McDonalds workers are set to strike next week over sexual harassment
McDonald’s workers in 10 cities across the U.S. to stage walkout on Tuesday calling for reform on the company’s sexual harassment policy
- Organizers want management to get tough on workplace sexual harassment
- Strike action at several outlets in ten US cities is planned for next Tuesday
- Plans for the walkout have been approved by the chain’s ’employee committees’
- McDonald’s defended its anti-harassment efforts and has initiatives in place
McDonald’s workers will stage a one-day strike Tuesday at restaurants in 10 cities to pressure management to take stronger steps against sexual harassment.
Organizers, who have been spurred on by the #metoomovement, claim it will be the first multi-state strike in the US specifically targeting harassment in the workplace.
Plans for the walkout – to start at lunchtime on September 18 – have been approved in recent days by ‘women’s committees’ formed by employees at dozens of McDonald’s restaurants across the U.S.
The strike will target multiple restaurants in Chicago, Durham in North Carolina, Kansas City in Missouri, Los Angeles, Miami, Milwaukee, New Orleans, Orlando in Florida, San Francisco and St. Louis.
Organizers include several women who filed complaints with the US EEOC (Equal Employment Opportunity Commission)in May alleging pervasive harassment at some of McDonald’s franchise restaurants.
Organizers are planning a series of strikes at McDonald’s outlets in ten cities to put pressure on management to get tough and enact a tougher sexual harassment policy
Tanya Harrell (pictured) is one of the workers involved in the action after she made a complaint
The strike comes as union-backed organizations have been putting pressure on McDonald’s on several fronts for better working conditions, including $15 an hour wages – at a burger chain that employs tens of thousands of people around the country.
Among the strike organizers are Tanya Harrell, 22, of New Orleans, who filed a complaint with the EEOC in May alleging that her two managers at a local McDonald’s teased her.
However no action was taken after she told them of sustained verbal and physical harassment by a co-worker.
Harrell, who makes $8.15 an hour, said she and many of her colleagues were skeptical of the company’s commitment to combating harassment.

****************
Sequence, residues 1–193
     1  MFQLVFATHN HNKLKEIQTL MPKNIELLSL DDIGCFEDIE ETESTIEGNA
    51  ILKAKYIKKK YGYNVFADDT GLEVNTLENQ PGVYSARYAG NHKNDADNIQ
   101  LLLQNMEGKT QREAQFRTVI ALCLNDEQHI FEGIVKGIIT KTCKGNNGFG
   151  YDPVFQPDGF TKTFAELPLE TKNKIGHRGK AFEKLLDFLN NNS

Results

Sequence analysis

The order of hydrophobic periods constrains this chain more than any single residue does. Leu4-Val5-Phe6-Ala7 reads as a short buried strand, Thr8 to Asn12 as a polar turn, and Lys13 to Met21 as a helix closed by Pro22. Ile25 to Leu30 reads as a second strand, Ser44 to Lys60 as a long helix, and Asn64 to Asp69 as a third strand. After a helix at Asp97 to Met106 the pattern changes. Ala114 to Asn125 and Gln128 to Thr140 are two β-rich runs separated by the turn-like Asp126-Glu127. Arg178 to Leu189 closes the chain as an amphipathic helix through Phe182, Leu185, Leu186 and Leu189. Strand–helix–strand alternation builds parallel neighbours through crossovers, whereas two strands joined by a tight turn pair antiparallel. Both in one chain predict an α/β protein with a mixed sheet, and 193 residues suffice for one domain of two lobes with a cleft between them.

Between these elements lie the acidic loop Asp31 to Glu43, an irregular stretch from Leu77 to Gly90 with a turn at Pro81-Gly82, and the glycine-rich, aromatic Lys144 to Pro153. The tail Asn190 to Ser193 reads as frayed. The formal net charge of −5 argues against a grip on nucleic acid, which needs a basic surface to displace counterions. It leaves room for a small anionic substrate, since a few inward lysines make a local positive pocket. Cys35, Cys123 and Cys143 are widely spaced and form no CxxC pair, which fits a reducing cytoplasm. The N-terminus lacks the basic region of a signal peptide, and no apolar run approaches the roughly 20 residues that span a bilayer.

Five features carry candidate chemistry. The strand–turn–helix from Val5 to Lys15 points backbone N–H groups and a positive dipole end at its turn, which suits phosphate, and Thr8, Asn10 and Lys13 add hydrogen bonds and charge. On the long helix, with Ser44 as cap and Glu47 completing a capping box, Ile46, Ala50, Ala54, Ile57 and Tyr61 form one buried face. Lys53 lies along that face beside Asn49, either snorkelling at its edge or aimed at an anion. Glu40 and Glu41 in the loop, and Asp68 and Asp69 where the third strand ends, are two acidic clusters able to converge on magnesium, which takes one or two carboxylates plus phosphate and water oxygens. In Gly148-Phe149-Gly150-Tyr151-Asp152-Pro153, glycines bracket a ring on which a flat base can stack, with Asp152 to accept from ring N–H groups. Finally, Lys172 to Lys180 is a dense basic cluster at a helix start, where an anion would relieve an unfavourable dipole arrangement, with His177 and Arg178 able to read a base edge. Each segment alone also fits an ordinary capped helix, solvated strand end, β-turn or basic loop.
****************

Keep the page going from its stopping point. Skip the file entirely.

She said: ‘They want people to think they care, but they don’t care,’ she said. ‘They could do a way more better job.’
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In a statement, McDonald’s defended its anti-harassment efforts.
It said: ‘We have policies, procedures and training in place that are specifically designed to prevent sexual harassment at our company and company-owned restaurants, and we firmly believe that our franchisees share this commitment.’
The company also disclosed a new initiative that will engage outside experts to work with the company to help ‘evolve’ those policies and procedures.
Some of the experts would come from Seyfarth Shaw at Work, an employment law training firm, and RAINN, an anti-sexual violence organization.
Labor lawyer Mary Joyce Carlson, who has been collaborating with women who filed the EEOC complaints, says the company needs to back up such gestures with tougher enforcement.
Organizers say the action was triggered by the #metoomovement which has seen women across the US and in other countries taking to the streets to oppose sexual harassment
Labor lawyer Mary Joyce Carlson (pictured ) argues that McDonald’s needs tougher enforcement measures on initiatives it has developed to combat sexual harassment
‘We see no evidence there’s been any change at all,’ she said. ‘Whatever policy they have is not effective.’
Organizers of the planned walkout say strikers will be demanding that the company improve procedures for receiving and responding to harassment complaints.
Another demand will be formation of a national committee to address sexual harassment, comprised of workers, representatives from corporate and franchise stores, and leaders of national women’s groups.
Thus far, the nearly year-old #MeToo movement has not triggered a strike targeting a specific US company.
Last March, on International Women’s Day, there were broad-based calls for women to stay away from work in several countries, notably in Western Europe.
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